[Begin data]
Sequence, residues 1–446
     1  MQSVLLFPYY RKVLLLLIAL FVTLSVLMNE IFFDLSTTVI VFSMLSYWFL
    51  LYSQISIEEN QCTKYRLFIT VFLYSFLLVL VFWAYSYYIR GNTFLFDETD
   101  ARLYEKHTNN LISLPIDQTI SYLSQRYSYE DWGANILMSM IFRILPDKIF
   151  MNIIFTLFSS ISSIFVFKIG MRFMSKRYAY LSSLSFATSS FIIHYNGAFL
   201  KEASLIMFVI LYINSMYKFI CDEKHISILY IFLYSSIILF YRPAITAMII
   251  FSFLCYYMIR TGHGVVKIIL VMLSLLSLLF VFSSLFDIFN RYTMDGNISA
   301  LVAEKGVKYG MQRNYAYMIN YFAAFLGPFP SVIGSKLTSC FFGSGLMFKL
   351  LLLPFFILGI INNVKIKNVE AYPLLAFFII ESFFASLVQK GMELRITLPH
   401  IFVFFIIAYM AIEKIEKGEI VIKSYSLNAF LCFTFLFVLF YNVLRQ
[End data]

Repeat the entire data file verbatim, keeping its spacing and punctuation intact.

Sequence, residues 1–446
     1  MQSVLLFPYY RKVLLLLIAL FVTLSVLMNE IFFDLSTTVI VFSMLSYWFL
    51  LYSQISIEEN QCTKYRLFIT VFLYSFLLVL VFWAYSYYIR GNTFLFDETD
   101  ARLYEKHTNN LISLPIDQTI SYLSQRYSYE DWGANILMSM IFRILPDKIF
   151  MNIIFTLFSS ISSIFVFKIG MRFMSKRYAY LSSLSFATSS FIIHYNGAFL
   201  KEASLIMFVI LYINSMYKFI CDEKHISILY IFLYSSIILF YRPAITAMII
   251  FSFLCYYMIR TGHGVVKIIL VMLSLLSLLF VFSSLFDIFN RYTMDGNISA
   301  LVAEKGVKYG MQRNYAYMIN YFAAFLGPFP SVIGSKLTSC FFGSGLMFKL
   351  LLLPFFILGI INNVKIKNVE AYPLLAFFII ESFFASLVQK GMELRITLPH
   401  IFVFFIIAYM AIEKIEKGEI VIKSYSLNAF LCFTFLFVLF YNVLRQ